At the same time, we need to replace this highly discredited piece of legislation with full and proper freedom of information legislation to open up the over-secretive processes of government in this country.

In that spirit, I commend this very simple, direct and proper Bill to the House. I hope that it will be overwhelmingly supported and read a Second time.

2.24 pm

The Parliamentary Under-Secretary of State for the Home Department
(Mr. David Mellor)

The hon. Member for Islington, South and Finsbury (Mr. Smith) is certainly right in saying that his Bill could not be shorter or more straightforward. It consists of just two clauses, the first of which reads:

"Section 2 of the Official Secrets Act 1911 is hereby repealed."
The second reads:
"This Act may be cited as the Official Secrets Act (Amendment) Act 1985."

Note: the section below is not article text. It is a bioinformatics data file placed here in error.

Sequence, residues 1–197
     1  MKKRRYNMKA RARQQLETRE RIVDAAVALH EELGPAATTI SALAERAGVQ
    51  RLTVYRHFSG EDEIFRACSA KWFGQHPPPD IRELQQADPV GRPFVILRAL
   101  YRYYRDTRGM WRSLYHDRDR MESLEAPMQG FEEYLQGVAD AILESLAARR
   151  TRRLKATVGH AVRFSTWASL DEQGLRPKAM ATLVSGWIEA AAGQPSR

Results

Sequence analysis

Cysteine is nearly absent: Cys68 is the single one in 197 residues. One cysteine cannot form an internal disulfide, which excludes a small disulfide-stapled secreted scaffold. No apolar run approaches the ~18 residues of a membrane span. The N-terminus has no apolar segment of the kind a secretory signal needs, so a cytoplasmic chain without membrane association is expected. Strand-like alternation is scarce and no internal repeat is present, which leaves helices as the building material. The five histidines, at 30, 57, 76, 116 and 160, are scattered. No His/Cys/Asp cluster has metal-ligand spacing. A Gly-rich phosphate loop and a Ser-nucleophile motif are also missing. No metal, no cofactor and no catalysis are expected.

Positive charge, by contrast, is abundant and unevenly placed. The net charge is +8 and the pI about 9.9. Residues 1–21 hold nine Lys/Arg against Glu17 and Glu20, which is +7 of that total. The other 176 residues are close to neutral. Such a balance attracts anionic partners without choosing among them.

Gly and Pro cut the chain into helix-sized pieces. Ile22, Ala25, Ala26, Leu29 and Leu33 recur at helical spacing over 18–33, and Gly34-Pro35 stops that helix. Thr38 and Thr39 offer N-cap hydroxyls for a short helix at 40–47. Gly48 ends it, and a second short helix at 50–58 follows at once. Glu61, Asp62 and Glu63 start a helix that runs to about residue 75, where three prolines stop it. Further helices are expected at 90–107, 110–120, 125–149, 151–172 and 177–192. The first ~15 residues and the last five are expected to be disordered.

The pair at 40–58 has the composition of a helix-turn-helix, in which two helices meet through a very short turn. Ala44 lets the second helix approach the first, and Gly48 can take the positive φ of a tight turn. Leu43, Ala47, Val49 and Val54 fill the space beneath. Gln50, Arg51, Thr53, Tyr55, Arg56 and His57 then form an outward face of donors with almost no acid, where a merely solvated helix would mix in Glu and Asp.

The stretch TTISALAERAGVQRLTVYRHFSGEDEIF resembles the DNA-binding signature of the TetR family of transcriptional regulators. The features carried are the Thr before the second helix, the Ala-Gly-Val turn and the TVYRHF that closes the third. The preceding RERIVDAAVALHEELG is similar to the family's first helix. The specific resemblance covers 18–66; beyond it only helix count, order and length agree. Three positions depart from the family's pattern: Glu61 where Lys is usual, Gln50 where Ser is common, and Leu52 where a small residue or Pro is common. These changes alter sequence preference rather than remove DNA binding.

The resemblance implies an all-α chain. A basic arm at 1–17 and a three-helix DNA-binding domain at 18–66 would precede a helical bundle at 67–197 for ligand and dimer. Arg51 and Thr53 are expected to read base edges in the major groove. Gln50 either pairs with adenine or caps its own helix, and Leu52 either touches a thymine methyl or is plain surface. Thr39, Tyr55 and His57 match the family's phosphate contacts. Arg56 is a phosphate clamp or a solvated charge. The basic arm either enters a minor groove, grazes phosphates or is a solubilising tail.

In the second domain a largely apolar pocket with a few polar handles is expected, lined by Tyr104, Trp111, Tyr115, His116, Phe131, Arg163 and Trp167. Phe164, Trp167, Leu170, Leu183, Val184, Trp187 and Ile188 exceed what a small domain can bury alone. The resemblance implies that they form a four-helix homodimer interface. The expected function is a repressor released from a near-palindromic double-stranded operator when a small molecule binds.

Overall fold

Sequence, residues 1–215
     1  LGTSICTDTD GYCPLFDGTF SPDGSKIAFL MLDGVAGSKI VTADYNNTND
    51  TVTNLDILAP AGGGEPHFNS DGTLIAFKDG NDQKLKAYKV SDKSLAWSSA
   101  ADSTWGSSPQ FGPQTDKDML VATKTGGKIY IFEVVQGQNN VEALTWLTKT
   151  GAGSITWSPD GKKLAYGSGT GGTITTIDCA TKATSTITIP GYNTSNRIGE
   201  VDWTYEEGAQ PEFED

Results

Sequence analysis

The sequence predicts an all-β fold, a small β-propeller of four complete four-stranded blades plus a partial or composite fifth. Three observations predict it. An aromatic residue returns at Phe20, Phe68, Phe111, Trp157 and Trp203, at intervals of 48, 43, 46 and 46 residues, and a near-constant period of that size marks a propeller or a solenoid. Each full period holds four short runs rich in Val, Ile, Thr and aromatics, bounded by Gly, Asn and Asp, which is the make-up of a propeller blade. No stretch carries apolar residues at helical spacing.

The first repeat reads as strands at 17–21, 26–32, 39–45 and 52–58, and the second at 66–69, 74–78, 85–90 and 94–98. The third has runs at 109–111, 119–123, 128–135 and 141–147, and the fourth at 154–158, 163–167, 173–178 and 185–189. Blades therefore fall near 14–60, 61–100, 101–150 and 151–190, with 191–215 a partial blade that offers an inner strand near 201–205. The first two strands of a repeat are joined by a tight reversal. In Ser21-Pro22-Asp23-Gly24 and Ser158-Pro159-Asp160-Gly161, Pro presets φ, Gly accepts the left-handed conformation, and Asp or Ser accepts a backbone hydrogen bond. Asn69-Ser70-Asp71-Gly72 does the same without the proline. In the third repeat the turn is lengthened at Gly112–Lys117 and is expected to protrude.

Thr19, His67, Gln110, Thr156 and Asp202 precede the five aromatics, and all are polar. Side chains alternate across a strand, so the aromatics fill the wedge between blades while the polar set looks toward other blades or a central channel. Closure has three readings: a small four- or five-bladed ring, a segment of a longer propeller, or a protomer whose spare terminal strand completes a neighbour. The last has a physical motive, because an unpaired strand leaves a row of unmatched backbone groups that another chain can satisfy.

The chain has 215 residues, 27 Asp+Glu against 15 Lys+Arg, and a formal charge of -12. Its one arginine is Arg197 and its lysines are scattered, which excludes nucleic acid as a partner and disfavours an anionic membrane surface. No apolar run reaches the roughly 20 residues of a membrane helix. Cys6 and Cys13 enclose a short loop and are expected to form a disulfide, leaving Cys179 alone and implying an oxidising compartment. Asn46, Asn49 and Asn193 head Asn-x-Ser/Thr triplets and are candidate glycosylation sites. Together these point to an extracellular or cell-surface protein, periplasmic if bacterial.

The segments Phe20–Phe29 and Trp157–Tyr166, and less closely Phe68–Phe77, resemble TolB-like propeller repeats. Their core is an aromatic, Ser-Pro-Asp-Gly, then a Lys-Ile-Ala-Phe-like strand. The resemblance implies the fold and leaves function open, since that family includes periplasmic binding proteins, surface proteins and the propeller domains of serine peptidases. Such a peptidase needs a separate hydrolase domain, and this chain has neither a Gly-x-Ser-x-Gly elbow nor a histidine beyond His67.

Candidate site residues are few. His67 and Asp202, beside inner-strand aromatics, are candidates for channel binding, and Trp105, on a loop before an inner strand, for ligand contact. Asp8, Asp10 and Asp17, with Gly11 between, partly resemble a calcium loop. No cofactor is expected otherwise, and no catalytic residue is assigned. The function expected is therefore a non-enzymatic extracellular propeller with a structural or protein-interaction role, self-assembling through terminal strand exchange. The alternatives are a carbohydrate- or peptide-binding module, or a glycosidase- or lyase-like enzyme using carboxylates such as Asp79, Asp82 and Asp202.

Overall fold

For 15 to 20 years successive Governments have been bedevilled by the problem of how to erect a modern mechanism for the protection of official secrets and have found it difficult to arrive at a conclusive answer. The hon. Member for Islington, South and Finsbury, however, is not a man for the half tones, the half lights or the subtleties of the situation. He simply comes in with his size 15 boots and says, "Just throw the whole thing out and end the problem." The hon. Gentleman's approach reminds me of the late Professor Maitland's observation that for every complex human problem there is an answer that is simple, plausible, easy, obvious and wrong. We can rely on the hon. Gentleman's unerring instinct for the wrong answer to bring him here with a measure of this kind, and he will not be offended if I say that it provided a light conclusion to a heavy morning's legislation on badgers, bingo and the like to hear him put the case with such spurious charm for a measure which is no more attractive to me than it would have been to the last Labour Government.